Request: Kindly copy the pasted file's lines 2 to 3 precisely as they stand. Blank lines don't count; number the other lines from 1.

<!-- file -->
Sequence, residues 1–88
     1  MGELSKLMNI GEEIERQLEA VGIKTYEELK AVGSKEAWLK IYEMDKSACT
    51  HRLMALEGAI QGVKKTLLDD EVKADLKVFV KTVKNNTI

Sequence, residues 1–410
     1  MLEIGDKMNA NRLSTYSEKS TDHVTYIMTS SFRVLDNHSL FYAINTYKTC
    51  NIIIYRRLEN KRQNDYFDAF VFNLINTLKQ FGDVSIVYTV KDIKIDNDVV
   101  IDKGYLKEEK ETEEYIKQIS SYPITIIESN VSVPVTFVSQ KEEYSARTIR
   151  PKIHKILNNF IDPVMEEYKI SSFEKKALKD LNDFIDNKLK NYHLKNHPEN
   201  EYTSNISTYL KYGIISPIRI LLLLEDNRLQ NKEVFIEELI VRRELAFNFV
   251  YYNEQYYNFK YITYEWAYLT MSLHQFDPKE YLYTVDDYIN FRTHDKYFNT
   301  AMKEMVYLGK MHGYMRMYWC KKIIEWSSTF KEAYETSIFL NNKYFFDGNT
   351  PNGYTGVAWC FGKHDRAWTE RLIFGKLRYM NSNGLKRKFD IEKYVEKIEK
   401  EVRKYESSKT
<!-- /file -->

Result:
     1  MGELSKLMNI GEEIERQLEA VGIKTYEELK AVGSKEAWLK IYEMDKSACT
    51  HRLMALEGAI QGVKKTLLDD EVKADLKVFV KTVKNNTI